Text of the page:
What exactly are Retention tables?

Retention tables show a group of people that visited your website or used your app for the first time, during a certain time frame. They also display the progressive ''drop-off'' or decline in activity over time for that particular group (a cohort).

What does a Retention table look like?


How to use Retention tables in Smartlook

On the Events tab, select an event:

Retention tables rely on data displayed in the event charts. These are the 2 settings that affect retention tables:

(1) You can choose a date range for the retention data: The date range determines how long Smartlook can identify the same user as returning.

(2) You can choose the precision by which you want to analyze your data. You can switch between days, weeks, or months. Different views will be useful for different situations.

When you’re happy with the settings, scroll below the event chart and statistics. On the retention table, click "Generate." You can generate up to 4 retention tables from 4 events, at the same time.

When you click on it, you’ll see a retention table similar to this one.

(This retention table displays 7 days of activity - cohorts segmented by a specific day.)


What exactly are cohorts?

A cohort in Smartlook is a group of people that visited your website or used your app for the first time, during a certain time frame. It could be the same day, week, or month. It depends on your needs and on your Smartlook settings.

Following a cohort:

Below, you can take a look at a new cohort in a retention table to see how it progresses:

(1) The newest users:

Here's how a cohort appears on Monday, October 19. In the dark blue, 376 users completed an action. The column group here is named "Day 0."

(2) The next day:

On the following day, in a retention table, we can see that only some (76) of the original cohort (376) performed the same action the next day (in column "Day 1").

(3) 5 days later:

Smartlook has collected data about the cohort starting on Monday, October 19 for 6 days

The above image displays the retention of the group starting from Monday, October 23. From left to right, each column represents how many of the original group completed the same action on those following days.


The same image can be expressed in percentages (%).


How to understand the data:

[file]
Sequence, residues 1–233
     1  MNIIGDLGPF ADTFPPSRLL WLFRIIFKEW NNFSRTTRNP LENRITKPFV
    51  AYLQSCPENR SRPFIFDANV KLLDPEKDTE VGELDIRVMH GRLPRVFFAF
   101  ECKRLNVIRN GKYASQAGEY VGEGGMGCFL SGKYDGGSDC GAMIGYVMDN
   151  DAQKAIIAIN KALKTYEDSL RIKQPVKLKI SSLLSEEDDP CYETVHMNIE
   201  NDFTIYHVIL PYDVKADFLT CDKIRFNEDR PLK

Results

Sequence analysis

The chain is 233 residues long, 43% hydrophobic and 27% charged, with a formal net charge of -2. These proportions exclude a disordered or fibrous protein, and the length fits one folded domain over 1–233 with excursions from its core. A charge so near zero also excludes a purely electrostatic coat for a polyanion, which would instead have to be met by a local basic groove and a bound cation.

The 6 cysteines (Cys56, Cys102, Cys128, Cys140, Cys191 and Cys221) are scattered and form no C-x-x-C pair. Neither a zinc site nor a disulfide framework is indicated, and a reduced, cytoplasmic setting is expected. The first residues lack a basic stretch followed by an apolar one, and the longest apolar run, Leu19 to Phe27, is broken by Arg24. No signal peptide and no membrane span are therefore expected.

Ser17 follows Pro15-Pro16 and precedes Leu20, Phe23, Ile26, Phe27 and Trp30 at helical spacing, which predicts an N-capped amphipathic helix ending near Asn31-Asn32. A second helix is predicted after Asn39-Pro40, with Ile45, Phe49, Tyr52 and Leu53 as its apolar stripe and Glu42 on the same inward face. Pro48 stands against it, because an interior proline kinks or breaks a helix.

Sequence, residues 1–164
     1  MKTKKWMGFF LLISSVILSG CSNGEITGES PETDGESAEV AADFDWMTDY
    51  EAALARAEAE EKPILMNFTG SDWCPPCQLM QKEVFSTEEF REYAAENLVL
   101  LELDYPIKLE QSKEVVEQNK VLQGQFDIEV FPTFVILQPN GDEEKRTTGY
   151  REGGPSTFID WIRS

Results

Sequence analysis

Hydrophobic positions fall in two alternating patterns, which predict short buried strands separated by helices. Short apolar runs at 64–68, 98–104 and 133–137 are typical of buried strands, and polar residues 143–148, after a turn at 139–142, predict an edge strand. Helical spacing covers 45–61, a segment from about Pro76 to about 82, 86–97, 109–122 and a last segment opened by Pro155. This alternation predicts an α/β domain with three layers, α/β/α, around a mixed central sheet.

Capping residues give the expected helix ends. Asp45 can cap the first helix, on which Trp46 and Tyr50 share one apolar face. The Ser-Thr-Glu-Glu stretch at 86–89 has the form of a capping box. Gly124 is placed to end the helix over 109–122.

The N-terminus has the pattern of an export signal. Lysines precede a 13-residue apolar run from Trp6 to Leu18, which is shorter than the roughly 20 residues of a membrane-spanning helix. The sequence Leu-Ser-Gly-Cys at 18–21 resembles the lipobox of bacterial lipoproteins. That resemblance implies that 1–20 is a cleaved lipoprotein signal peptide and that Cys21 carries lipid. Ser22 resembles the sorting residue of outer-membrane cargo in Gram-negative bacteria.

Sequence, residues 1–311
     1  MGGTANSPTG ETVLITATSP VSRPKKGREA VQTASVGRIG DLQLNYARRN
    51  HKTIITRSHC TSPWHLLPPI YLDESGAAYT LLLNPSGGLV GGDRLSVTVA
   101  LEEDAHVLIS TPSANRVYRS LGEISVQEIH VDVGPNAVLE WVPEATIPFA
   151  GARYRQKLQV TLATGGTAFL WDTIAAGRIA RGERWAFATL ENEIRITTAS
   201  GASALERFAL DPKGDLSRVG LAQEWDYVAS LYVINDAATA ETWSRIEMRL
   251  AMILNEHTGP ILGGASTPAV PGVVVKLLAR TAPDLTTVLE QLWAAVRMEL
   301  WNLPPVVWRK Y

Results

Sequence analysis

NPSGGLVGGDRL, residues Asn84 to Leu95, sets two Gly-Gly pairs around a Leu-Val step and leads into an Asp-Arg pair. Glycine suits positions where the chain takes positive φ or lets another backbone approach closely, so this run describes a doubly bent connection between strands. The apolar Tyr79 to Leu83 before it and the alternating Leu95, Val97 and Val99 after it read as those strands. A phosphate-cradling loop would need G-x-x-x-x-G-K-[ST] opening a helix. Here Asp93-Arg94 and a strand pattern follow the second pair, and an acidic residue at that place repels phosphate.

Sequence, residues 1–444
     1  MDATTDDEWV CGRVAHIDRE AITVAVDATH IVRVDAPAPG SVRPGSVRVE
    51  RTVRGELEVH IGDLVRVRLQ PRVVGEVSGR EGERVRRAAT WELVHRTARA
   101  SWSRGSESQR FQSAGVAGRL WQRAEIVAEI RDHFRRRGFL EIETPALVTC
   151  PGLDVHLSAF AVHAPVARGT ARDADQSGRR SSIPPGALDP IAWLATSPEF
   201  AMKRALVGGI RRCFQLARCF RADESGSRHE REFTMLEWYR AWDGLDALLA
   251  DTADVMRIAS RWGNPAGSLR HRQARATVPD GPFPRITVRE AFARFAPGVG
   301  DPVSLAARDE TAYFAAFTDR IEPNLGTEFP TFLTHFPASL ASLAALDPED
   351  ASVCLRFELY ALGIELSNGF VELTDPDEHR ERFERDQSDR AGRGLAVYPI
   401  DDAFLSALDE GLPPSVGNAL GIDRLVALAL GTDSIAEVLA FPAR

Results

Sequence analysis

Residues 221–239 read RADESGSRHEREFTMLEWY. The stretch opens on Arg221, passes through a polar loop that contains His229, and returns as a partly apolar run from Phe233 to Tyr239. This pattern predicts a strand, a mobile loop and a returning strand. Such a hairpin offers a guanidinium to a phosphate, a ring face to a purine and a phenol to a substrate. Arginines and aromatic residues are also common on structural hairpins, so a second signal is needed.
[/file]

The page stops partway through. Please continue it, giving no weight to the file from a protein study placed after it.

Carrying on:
Cohort size:

The value on the left, the "Cohort size" (389) is the total number of new visitors first seen on Monday, October 19, and triggered the event at any time within the range of the retention table. You can think of this group as the amount of ''enrollments'' on that date.

The number on the right in column "Day 0" (376) is the number of unique users that triggered an event on the same day they were first seen in Smartlook. You can think of this group as the amount of''new enrollees''who showed up for the first class.

Cell colors

Colors are an important part of any retention table. Events that are triggered more often have darker cells. This will let you see trends in the way events get triggered.

What are the columns?

The "Zero" (0) column is the original cohort size which completed an event. It can be grouped in days, weeks, or months. Here is an example showing cohorts with weekly values. ''Week 1'' represents the following 7-day period. Each following column represents the following chronological period.

Display values

The entire retention table can display values as numbers or percentages. Simply use the selector in the top-left corner tab:

Additional details

When you hover a mouse above any frame in the retention table, a detailed explanation of the cohort will be given.


So why should you use Retention Tables?

Visitors, who come to your website during a specific time, often behave in ways that are similar.

It may be due to events that are happening outside your company, but it can also be due to the actions you take. Retention tables will help you to look past growth and focus on engagement. If you only look at absolute numbers, it’s very easy to get a false sense of success. Often times, a lot of users might try some function during the first couple of days, only to never come back to it again.

New users are usually more engaged

New users are usually more engaged, so when their numbers grow, the averages might be going up, even if your retention stays the same. This makes it easy to overlook areas where your efforts could be improved.

And identifying these problems is one of the things retention tables excel at.

Retention tables are useful for:

  • UX designers and product managers - Following cohorts will give you detailed information about the adoption and retention of any function.

  • Marketers can use retention tables to analyze the quality of users brought in by a marketing campaign. And compare it to other sources of traffic.

Retention tables are an extremely powerful feature that takes almost no time to use. They're a vital tool when it comes to improving retention. The data is easily understood thanks to its visual nature and will provide you with a great overview of how good you're at teaching users to adopt a new function.

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